[0212] Washing Step

[0213] The wells were immediately washed 3 times for 1 min in 100 μl of TNT buffer (100 mM Tris pH 7.5, 150 mM NaCl, 0.1% Tween® 20).

[0214] Detection Step

[0215] After each washing step, the radioactivity incorporated on each well was measured and recorded using a scintillation counter.

[0216] Sequencing Cycle

[0217] In this example, the polymerisation, washing and detection steps were repeated sequentially.

[0218] Results shown in FIG. 9 indicate that primer extension occurred as expected. The stepwise counts increase occurred specifically in presence of template B, and was dependent on its amount bound on wells (e.g. approximately twice as much counts in presence of 100% template B than in presence of 50% template B). After each step, the number of counts detected increased almost proportionally to the number of bases added.

Example 4

[0219] Sequencing Using Fluorescent Label

[0220] This example demonstrates that sequencing can be achieved in situ by stepwise incorporation of fluorescently-labelled nucleoside triphosphates. The number of added bases is determined by the measurement of the fluorescence increase after each cycle of addition. Thus DNA sequencing is achieved without requirement of electrophoresis separation method.

[0221] Template Preparation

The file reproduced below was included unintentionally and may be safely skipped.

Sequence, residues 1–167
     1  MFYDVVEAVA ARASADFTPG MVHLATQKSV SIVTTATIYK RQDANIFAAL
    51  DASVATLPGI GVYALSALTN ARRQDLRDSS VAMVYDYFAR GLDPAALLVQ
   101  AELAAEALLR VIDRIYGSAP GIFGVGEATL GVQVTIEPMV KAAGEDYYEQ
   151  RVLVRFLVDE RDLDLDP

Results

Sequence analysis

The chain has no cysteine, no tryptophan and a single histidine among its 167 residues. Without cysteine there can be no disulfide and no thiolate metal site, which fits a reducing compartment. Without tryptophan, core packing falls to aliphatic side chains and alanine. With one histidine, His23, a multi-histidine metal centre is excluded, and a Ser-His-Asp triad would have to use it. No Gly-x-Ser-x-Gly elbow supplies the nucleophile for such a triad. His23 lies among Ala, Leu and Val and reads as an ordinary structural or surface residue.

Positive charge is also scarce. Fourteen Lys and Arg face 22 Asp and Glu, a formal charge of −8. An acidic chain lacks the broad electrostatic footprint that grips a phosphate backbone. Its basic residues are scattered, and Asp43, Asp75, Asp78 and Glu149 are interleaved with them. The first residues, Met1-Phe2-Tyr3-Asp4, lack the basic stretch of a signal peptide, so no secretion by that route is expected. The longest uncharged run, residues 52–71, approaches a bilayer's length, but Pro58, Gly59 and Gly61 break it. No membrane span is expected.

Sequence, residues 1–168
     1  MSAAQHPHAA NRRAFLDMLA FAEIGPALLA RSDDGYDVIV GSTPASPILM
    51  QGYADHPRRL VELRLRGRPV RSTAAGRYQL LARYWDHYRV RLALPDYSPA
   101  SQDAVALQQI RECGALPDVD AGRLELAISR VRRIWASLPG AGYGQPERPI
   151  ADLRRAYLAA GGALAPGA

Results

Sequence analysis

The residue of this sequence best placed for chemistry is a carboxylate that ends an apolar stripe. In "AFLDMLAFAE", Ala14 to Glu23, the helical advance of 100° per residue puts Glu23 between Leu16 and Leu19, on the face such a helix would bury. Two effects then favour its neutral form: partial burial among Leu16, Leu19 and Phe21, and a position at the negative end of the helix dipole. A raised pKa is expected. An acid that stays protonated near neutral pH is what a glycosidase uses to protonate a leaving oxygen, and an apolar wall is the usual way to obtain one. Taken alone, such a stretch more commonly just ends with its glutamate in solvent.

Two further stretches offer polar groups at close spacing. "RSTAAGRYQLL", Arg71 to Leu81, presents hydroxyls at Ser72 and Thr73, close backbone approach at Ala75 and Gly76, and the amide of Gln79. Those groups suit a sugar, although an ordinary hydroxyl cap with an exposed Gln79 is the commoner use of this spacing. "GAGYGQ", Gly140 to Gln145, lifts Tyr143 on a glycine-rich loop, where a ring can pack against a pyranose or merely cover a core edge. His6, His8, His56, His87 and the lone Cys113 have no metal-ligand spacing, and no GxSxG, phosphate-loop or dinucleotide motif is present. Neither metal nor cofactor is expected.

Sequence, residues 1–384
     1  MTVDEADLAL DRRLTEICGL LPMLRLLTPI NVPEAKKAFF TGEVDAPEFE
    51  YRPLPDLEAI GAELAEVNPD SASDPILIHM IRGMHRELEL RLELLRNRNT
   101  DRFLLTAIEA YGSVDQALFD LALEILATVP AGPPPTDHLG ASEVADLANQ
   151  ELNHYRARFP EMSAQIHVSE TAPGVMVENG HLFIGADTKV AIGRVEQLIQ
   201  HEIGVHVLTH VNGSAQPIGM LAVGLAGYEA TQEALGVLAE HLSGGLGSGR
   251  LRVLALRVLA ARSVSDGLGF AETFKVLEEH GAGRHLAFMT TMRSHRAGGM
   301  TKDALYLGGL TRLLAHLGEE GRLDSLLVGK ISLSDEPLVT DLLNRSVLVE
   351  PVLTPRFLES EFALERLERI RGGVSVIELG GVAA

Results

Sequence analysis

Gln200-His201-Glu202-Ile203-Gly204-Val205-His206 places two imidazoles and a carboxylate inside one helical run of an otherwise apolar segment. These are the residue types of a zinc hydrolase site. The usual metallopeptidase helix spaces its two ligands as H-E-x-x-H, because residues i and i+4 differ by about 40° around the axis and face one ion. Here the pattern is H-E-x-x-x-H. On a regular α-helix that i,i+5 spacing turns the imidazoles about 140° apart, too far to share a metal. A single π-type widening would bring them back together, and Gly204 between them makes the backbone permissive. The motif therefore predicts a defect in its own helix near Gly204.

[0222] In this example, a 157 bp DNA fragment was bound to a streptavidin-coated 96-well microtitre plate. The fragment was prepared by PCR amplification with the forward primer being 5′-biotinylated. The reverse primer was not functionalised. The unincorporated primers were removed by purification of the PCR product on a spin column (Pharmacia MicroSpin S-400 HR). After binding to the streptavidin coated microtitre plate wells (LabSystems, Helsinki), the PCR fragments were denatured by NaOH treatment. After washing, only the forward strand remained bound to the wells.

[0223] Primer Annealing

[0224] The primer 5′-ACA CGA GCC ACA CTG TCC CAG GGG C-3′ was used for sequencing. The annealing was carried out at 25° C. with 0.5 μM of primer in 5×SSC buffer.

[0225] Primer Extension

[0226] The expected primer extension on the template is: C, T, C, C, T, C, T. The reaction mix [1×Sequenase buffer, 0.15 u/μl T7 DNA polymerase (Sequenase 2.0, Amersham), 0.1% BSA, 5 mM DTT] contained 0.5 μM of dUTP or dCTP [as a 60% mix of Cy5-labelled (Amersham) and non-labelled deoxynucleotide triphosphates]. The reactions were carried out for 1 min at 25° C. in presence of either dUTP or dCTP. After each step, the wells were washed twice with 1×Sequenase buffer and the fluorescence intensity in each well was measured with a cooled CCD camera (Princeton Instruments) mounted on a fluorescence microscope (Zeiss Axiovert TV100). Note that dTTP can be substituted by dUTP, the two nucleotides having identical specificity.